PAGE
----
Who is the most important character in your story? Your protagonist, right? Wrong! It's the antagonist. Or at least that's what Jim Butcher says. He writes:
One of the most critical skills an aspiring writer needs is the ability to build a solid villain. Even the greatest protagonist in the world cannot truly shine without an equally well-rendered opposition. The converse of that statement isn’t true, though—if your protagonist is a little shaky but your villain absolutely shines, you can still tell a very successful story. (How To Build a Villain, Jim Butcher)Whichever is the most important, the protagonist or antagonist, the protagonist needs a strong adversary. Here are 12 tips for ensuring your antagonist is in tip-top shape:
1. Spend As Much Time Developing Your Antagonist As You Do Your Protagonist
Your antagonist needs goals and obstacles, hopes and fears, just like your protagonist. As Jim Butcher says, arguably, having a strong antagonist is more important than a strong protagonist. (See: Ten Tips for a Terrific Antagonist)
2. Antagonist and Protagonist Have Conflicting Goals
If the antagonist gets their way the protagonist doesn't and vice versa. For instance, in Lord of the Rings, if Sauron gets the One Ring then Frodo has failed to destroy it in the fires of Mt. Doom.
3. Antagonist and Protagonist Have Conflicting Characteristics
In Die Hard protagonist John McClane (Bruce Willis) cares about other people, Hans Gruber (Alan Rickman) not so much. John McClane cares most about his job and his family, especially his estranged wife. Hans Gruber cares most about the millions of dollars he's going to steal from the vault. And so on.
It's interesting that in Harry Potter and the Philosopher's Stone many of Severus Snape's (also played by Alan Rickman) characteristics were the opposite of Harry's and this was partly why it was so easy to think he was the one out to get Harry.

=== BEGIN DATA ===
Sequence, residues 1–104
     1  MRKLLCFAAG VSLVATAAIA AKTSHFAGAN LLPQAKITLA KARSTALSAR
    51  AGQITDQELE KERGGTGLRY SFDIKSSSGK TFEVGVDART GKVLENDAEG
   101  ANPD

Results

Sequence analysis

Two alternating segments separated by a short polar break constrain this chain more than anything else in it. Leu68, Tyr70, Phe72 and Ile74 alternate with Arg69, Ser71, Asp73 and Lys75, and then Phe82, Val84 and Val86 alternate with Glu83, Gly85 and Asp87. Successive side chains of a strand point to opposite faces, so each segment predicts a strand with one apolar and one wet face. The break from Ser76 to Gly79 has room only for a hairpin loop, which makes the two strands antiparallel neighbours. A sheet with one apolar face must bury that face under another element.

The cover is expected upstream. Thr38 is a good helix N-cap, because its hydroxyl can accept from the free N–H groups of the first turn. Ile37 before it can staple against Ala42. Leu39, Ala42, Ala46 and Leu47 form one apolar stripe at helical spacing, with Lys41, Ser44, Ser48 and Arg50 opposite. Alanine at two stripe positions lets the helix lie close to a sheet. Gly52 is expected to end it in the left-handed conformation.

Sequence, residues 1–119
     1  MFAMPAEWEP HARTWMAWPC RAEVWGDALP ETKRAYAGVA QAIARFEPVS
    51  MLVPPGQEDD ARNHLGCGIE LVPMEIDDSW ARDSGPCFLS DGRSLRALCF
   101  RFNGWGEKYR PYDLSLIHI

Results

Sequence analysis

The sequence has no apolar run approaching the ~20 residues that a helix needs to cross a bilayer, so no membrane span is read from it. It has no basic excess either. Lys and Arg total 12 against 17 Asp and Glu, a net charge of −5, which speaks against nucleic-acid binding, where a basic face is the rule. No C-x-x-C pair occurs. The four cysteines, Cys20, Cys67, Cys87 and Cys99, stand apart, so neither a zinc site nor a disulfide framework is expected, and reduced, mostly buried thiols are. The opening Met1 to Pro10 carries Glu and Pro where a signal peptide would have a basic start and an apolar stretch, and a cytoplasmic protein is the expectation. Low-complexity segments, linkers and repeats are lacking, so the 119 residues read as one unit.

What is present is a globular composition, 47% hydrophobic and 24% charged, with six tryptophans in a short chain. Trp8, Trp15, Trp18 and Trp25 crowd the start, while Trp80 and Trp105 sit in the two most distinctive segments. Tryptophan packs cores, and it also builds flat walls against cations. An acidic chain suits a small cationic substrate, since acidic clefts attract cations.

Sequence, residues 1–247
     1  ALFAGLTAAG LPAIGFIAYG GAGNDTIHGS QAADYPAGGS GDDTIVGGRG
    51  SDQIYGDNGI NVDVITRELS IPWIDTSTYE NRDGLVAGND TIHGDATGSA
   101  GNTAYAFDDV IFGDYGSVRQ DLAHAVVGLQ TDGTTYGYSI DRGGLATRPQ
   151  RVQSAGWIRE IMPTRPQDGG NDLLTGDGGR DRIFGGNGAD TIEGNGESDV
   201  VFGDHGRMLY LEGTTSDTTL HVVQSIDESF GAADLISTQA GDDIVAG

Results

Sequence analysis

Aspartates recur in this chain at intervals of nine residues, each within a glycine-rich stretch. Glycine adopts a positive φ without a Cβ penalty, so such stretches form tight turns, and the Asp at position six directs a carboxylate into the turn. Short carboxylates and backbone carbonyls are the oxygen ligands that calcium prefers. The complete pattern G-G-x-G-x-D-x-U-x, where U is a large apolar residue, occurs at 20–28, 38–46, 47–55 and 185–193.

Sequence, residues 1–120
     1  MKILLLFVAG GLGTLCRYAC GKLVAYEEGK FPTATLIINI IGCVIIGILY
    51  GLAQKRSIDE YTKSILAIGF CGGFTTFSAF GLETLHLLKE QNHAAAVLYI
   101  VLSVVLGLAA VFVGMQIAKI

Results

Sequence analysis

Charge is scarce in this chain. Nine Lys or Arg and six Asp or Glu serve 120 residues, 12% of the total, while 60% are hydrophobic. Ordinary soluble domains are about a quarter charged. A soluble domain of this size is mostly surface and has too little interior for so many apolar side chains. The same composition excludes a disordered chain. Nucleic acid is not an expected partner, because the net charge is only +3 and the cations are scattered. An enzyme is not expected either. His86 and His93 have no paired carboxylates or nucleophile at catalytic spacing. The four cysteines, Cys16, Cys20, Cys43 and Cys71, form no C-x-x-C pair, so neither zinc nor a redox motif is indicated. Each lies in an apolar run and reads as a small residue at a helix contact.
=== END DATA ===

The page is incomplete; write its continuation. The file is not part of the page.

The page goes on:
4. The Antagonist Drives The Conflict
Without the antagonist's dastardly plans, the hero would have nothing to do.
For instance, before Changes begins Harry Dresden's having a grand old time. This peacefulness is shattered when his ex-girlfriend calls and tells him (surprise!) he has a daughter and that she's been kidnapped by Red Court vampires.
If the Red Court hadn't taken Harry's daughter he'd have had time for an afternoon nap and a leisurely dinner at McAnally's. But that wouldn't have been terribly exciting.
5. Outline Your Book From The Antagonist's Point Of View
Kathy Steffen writes:
As Donald Maass suggests in Writing the Breakout Novel Workbook, outline your book from the antagonist’s point of view. Not every scene, but give him an outline with steps throughout the story so you clearly see the path he will take through your book. Whether you do it at the beginning, middle, or end of writing your book, this is a wonderful way to strengthen conflict in your story. (Ten Tips for a Terrific Antagonist)
6. The Antagonist Is The Hero Of Their Own Story
Many antagonists think they're the good guy. Like Col. Jessep in A Few Good Men, the antagonist does terrible things to protect the group. He is the necessary evil doing what needs to be done for the greater good.
Hans Gruber in Die Hard was motivated solely by the bottom line. He wanted money, lots of it, and didn't give a fig who he had to kill to get it. Different strokes. But I bet in Gruber's own mind having a lot of money made him a success and, at least in that minimal respect, we could relate to him.
I think what matters is that the antagonist is as fully fleshed out a character as your protagonist. That means giving her goals, motivations, fears, likes, dislikes, phobias, and so on. She has to have both strong points and faults, likable qualities and detestable ones.